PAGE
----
For more than a decade, Nashville has acknowledged that its economic vitality depends upon the adequacy of its broadband infrastructure. (See, Report of the Task Force on Telecommunications Innovation, August 2006). This acknowledgement has not led to the kind of private investment necessary to build out the network we need to compete in today’s economy.
Recently, Nashville has had a renewed conversation about this need with the so-called “One Touch Make Ready” ordinance which would expedite the private investment in broadband services. Google Fiber initiated this discussion as they saw how difficult it was to build out their proposed network. The ordinance has received overwhelming support from consumers, and it has already passed a recent Metro Council vote 32-7.
This Tuesday, the Council is set to have its third and final vote. I urge the Council to move forward without any delay.
Here’s what’s at stake. Today, Nashville residents have only two choices when it comes to broadband Internet access – an essential part of our daily lives and our community’s economic development. More competition means lower prices and faster speeds.
For a new company to provide service, it must construct a network across our city, mile by mile, utility pole by utility pole. Unfortunately, the process of attaching new fiber-optic cables to poles is fundamentally broken. Companies who already have their wires on the poles have to move those wires first, so that poles are “made ready” for a new entrant. Each company does this work separately and sequentially – that is, first AT&T will roll a truck into your neighborhood, move its wire, and only after that point will Comcast roll another truck in and move their wire, and so on. This may have made sense decades ago, but it doesn’t make sense in the 21st century.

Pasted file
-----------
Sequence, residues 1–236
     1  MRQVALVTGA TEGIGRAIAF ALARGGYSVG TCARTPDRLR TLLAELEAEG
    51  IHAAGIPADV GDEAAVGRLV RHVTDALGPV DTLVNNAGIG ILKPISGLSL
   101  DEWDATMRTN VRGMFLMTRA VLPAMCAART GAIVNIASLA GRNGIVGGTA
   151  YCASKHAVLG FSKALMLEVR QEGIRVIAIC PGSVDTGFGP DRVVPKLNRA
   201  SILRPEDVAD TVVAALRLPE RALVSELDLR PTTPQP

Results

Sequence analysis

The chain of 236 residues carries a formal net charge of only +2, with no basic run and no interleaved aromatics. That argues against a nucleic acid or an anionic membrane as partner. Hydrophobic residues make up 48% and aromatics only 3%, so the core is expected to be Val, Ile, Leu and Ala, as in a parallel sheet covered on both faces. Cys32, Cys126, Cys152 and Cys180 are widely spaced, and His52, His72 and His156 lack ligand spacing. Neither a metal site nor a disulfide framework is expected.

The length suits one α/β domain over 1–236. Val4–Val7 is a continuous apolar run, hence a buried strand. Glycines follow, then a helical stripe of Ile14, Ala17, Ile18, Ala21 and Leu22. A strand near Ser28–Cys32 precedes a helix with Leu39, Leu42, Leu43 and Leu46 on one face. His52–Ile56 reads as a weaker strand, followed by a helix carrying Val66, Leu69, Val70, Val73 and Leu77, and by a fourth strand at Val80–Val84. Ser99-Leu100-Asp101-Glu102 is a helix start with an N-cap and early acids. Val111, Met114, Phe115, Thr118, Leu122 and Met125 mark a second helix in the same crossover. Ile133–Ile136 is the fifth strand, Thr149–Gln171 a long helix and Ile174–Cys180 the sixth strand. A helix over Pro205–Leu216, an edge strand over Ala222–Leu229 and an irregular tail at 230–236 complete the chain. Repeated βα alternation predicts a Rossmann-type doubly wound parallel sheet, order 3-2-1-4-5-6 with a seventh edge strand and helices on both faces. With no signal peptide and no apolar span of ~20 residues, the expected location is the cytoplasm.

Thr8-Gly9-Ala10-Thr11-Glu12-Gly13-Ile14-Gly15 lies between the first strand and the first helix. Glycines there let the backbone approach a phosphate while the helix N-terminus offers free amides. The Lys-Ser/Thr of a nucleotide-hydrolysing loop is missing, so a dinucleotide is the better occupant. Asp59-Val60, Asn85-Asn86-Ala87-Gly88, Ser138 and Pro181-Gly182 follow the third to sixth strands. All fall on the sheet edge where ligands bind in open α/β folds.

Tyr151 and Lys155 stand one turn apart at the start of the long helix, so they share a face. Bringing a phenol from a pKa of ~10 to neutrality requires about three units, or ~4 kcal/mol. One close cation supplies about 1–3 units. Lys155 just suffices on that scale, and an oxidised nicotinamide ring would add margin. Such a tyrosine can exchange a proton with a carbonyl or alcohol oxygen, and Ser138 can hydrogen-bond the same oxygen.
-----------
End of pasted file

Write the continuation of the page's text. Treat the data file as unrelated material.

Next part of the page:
This system stifles competition, risks our economic vitality and is fundamentally bad for the consumer. The proposed ordinance is a common sense way to address this problem. Rather than having many disruptions and possible safety hazards from multiple crews climbing up poles in our neighborhood, it proposes to have one crew, approved by the pole owner, do all the work in one touch of the pole.
Arguments against opening up our city to competition have abounded.
Why not let the parties hash out an agreement? Well, it’s the city’s responsibility to effectively manage its rights-of-way and only an ordinance can address the dozens of different parties who could be affected today, not to mention the potential future entrants into the market.
Some have argued that this would result in less work for communications workers. To the contrary, this change will result in more work for communications workers by enabling companies to deploy larger networks, faster than without the ordinance.
What if we get sued? The Nashville that I know won’t let a lawyer’s threat scare it away from a policy we think is best; doing so would set a dangerous precedent for the future.
The entrenched will always find an argument against change that threatens their dominance over the consumer. It’s up to the Council to stand up to those arguments on behalf of the consumer. There’s no one else who can.